Judges Maintain Order in the Court – and in Marriage

He remembers it vividly. A young woman in a black and white outfit with mayonnaise on her face attracted his eye, and all Judge Robert R. Rigsby could say was, “Would you like a napkin?” Two months later, the judge and the woman, Judge Anna Blackburne-Rigsby,said, “I do.” The rest is history.

September will mark the couples 17th anniversary, and their romance is very much alive. It only takes 10 minutes tonotice how they complement each other. He’s the outgoing joking type, who affectionately says of his wife, “She’s my baby’s mama.” Blackburne-Rigsby is more reserved andhas a quiet demeanor that shows she’s all about her family.

“The best way to love it, is to model it,” said Blackburne-Rigsby about her marriage. It’s ironic that both spouses are judges. “Where I’m from, I never saw black judges, female judges or even judges of color,” said Rigsby, an associate judge on the District of Columbia Superior Court, after being appointed in 2002 by former President George W. Bush. “In our town I knew of one black lawyer.”

Born in San Francisco and raised in Vallejo, Calif., Rigsby, 48, received his law degree from the University of California, SanFrancisco, and his Bachelor of Science degree from San Jose State University.

“Beside every good man is a good woman,” Rigsby said. Very proud of his wife, Rigsby will not let anyone forget that he is the lucky one.

Blackburne-Rigsby, graduated top in her class at Duke University and top of her class at Howard University Law School. Born in Washington, but raised in the Jamaica, N.Y., Blackburne-Rigsby always knew she would one day have a career in law. The daughter of a retired judge, she grew up with two parents who were very active in the National Association for the Advancement of Colored People, (NAACP). Determined to make her own mark, Blackburne-Rigsby planned to be a civil rights lawyer. However, she is now an associate judge in the Court of Appeals, after being appointed to the Superior Court in 2000 by former President William Clinton.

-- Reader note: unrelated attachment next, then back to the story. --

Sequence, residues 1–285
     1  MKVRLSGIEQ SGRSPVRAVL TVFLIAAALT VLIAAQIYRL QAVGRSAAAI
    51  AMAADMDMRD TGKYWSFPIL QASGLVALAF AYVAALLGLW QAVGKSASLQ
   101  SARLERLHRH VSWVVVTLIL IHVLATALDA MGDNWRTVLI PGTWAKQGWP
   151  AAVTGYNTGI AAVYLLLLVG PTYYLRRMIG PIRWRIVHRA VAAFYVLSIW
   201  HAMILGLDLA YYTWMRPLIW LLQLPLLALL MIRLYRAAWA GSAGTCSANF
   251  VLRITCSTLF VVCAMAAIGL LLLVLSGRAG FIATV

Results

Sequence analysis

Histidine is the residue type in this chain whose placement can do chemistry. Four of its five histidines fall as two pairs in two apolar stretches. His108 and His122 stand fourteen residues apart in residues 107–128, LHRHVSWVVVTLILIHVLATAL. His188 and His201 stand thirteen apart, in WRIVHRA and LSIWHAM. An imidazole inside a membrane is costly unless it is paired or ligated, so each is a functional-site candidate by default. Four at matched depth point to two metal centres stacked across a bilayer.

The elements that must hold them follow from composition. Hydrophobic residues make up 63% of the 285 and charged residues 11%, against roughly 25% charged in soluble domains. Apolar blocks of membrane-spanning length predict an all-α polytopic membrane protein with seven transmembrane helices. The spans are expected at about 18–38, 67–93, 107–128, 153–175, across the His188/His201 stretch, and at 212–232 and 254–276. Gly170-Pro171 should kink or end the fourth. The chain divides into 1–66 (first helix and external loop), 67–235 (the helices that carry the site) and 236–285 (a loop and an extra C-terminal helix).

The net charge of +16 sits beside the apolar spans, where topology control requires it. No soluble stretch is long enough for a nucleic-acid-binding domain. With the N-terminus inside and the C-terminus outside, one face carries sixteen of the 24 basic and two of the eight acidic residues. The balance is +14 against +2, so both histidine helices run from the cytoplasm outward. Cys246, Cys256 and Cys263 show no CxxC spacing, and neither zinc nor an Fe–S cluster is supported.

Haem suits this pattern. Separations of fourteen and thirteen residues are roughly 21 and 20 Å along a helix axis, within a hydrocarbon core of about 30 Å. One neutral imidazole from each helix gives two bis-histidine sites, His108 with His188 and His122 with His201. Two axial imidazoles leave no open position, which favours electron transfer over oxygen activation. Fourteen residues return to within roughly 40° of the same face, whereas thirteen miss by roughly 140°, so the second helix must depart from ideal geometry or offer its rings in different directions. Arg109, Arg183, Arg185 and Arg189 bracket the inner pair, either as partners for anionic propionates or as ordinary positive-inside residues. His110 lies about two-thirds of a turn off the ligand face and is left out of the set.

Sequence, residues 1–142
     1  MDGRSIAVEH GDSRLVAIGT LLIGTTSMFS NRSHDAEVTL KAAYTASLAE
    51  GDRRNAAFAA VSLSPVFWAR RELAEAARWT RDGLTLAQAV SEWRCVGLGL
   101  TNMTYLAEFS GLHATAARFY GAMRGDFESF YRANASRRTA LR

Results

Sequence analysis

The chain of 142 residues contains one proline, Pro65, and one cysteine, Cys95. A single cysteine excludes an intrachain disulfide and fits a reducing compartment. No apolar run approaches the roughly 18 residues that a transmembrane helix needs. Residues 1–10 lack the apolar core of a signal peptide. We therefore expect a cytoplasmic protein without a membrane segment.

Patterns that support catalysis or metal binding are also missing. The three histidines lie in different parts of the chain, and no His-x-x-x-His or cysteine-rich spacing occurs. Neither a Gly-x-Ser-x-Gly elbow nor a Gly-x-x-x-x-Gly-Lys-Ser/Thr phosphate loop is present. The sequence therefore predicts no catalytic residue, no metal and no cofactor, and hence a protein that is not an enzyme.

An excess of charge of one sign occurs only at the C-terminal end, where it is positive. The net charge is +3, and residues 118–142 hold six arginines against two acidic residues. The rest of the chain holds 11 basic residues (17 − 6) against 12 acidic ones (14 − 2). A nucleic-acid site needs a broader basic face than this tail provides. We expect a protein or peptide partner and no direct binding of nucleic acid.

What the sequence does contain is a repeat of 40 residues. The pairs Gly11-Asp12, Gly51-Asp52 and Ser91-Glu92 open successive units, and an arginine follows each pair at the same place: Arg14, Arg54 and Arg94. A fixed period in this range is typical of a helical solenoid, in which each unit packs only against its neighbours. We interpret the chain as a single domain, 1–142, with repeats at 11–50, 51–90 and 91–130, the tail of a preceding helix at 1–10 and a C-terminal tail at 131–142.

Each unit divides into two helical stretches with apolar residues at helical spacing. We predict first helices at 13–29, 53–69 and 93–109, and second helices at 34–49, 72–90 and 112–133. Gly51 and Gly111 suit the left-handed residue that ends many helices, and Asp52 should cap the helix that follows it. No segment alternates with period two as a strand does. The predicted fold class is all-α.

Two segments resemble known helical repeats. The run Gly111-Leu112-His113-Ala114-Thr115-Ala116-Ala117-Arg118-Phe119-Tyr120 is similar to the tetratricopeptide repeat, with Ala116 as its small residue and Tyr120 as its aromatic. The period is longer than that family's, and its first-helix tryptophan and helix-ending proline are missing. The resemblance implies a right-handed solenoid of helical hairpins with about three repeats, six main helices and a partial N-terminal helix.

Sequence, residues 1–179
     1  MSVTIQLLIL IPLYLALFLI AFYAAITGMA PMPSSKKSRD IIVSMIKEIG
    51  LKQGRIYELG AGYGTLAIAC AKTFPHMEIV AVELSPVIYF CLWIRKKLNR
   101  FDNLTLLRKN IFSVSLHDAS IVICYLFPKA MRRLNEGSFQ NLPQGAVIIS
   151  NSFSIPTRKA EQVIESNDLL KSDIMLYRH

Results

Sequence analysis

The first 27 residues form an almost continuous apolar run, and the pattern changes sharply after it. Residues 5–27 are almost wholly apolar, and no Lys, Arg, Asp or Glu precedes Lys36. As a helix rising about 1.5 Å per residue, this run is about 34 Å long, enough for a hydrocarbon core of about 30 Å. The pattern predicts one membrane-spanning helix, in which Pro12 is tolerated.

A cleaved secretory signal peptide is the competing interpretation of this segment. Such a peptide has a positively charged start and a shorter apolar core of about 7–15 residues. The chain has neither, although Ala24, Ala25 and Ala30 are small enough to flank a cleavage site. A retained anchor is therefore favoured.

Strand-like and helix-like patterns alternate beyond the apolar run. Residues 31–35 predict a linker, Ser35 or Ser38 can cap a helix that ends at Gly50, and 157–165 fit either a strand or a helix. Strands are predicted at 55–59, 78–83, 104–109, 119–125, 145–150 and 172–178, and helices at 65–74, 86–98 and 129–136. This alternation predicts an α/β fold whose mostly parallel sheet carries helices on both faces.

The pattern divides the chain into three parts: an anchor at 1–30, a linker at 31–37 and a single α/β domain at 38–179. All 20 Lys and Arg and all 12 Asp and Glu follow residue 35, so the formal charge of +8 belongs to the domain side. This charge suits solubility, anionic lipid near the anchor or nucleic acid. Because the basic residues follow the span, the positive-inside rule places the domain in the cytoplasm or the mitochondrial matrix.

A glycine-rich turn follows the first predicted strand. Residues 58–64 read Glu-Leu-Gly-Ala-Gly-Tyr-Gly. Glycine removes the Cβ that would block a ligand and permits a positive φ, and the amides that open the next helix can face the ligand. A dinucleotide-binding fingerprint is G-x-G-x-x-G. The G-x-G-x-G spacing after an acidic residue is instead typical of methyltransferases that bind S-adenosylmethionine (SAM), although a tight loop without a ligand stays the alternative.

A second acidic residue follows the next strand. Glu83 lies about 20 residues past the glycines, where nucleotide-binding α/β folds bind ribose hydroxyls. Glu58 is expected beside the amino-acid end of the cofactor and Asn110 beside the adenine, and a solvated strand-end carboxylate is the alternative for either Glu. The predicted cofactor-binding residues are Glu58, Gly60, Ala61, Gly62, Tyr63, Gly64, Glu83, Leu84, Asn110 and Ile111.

“This is my best friend and buddy,” said Blackburne-Rigsby, describing her husband. After 17 years, their marriage is very much alive as the couple periodically gazed at one another affectionately. “When we first married, I told him I wanted to continue dating, so every Friday we go on a date,” Blackburne-Rigsby said. He’s a morning person; she’s a night owl. She’s a Catholic; he’s a Baptist. She adores cats; he dislikes them strongly. When they first met she was Ms. Independent, while he was very much the military guy. Nevertheless, it works for them. Preparing to leave for Iraq in a couple of months, Rigsby travels often and has been a judge all around the world, in Egypt, Japan and Korea. “The hardest thing will be missing my partner,” Blackburne Rigsby said. “I will pray and I know he will come back safely.”

Rigsby is going to Iraq as a military judge. It will be the first time a D.C. judge will be in Iraq and Kuwait for six months. He’s been in the Army for 28 years as an active duty and reserve officer. While over there he will oversee courts-martial involving U.S. soldiers to make sure justice is served in the war zone. Both are very humble about their accomplishments, they understand the importance of helping others. “You must give back by your words, but by your deeds,” Rigsby said. They are both active at Shiloh Baptist Church and in the extracurricular activities of their 11-year-old son Julian, such as Boy Scouts and his T-ball.

At times, Julian lets his parents’ careers rub off on him. “Sometimes I’ll ask Julian about his homework, and he’ll try and negotiate whether he should do it or not,” Rigsby said.

For the couple, life is full of negotiations. “We bump heads in life, but who doesn’t,” said Blackburne-Rigsby of her marriage. Who would have knew that meeting at a 30th birthday party; would turn into the union of one of D.C.’s most powerful couple?